Backhoe operators and other heavy equipment operators are in great demand, according to the Bureau of Labor Statistics, as construction needs continue to increase in commercial building projects and for infrastructure such as highways. Licensing requirements for heavy equipment operators vary by state. Some states do not require licensing, and some have reciprocal agreements with other states. Additionally, many employers prefer backhoe and other heavy equipment operators to hold a Class A CDL driver's license.
Attend a heavy equipment operator program or school. Some programs teach their students how to operate several types of equipment in addition to backhoes, including bulldozers, wheel loaders, excavators, and skid steer loaders. The school also may be able to provide you with the experience required to obtain a Class A CDL, a license many employers prefer because it allows you to haul heavy equipment on the highway.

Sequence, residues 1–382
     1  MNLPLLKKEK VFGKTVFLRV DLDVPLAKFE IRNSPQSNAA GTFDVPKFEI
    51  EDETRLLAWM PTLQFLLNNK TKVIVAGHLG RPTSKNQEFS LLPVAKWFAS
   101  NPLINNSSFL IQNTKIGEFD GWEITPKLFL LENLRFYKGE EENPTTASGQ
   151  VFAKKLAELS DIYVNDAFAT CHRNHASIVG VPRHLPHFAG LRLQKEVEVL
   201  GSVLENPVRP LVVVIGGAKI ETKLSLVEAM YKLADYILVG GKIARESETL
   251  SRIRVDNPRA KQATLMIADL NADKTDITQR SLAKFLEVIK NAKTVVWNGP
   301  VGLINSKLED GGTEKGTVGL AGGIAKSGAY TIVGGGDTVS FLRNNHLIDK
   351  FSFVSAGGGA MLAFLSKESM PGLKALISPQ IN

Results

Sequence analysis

Apply for jobs with construction companies that use heavy equipment, if you do not have the money to attend a training program. Some companies provide on-the-job training after you work for a certain length of time.
Call your state Department of Labor or the Department of Workforce Development to find out the licensing requirements for backhoe operators. Some states administer both a written and practical skills test, and others only a written test. Some states also require special licenses for heavy equipment operators working in certain types of situations, such as in landfill operations.
Schedule yourself for the licensing test as soon as you can. Testing slots can fill up, and if you miss the first upcoming one, it may be another month before the next one is offered.
Obtain a heavy equipment operator license for any additional state you plan to work in. In some regions, the state Department of Public Safety conducts routine job site checks including license verification.